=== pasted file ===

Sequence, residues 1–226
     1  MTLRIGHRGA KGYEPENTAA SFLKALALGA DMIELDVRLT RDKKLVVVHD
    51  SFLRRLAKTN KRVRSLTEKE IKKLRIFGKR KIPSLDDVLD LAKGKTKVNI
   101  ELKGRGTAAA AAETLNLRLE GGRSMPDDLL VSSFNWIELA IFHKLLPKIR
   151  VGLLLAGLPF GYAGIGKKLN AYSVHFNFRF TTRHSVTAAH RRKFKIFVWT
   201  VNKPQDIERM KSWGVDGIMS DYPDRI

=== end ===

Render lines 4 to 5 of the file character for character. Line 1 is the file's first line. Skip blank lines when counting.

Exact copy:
   101  ELKGRGTAAA AAETLNLRLE GGRSMPDDLL VSSFNWIELA IFHKLLPKIR
   151  VGLLLAGLPF GYAGIGKKLN AYSVHFNFRF TTRHSVTAAH RRKFKIFVWT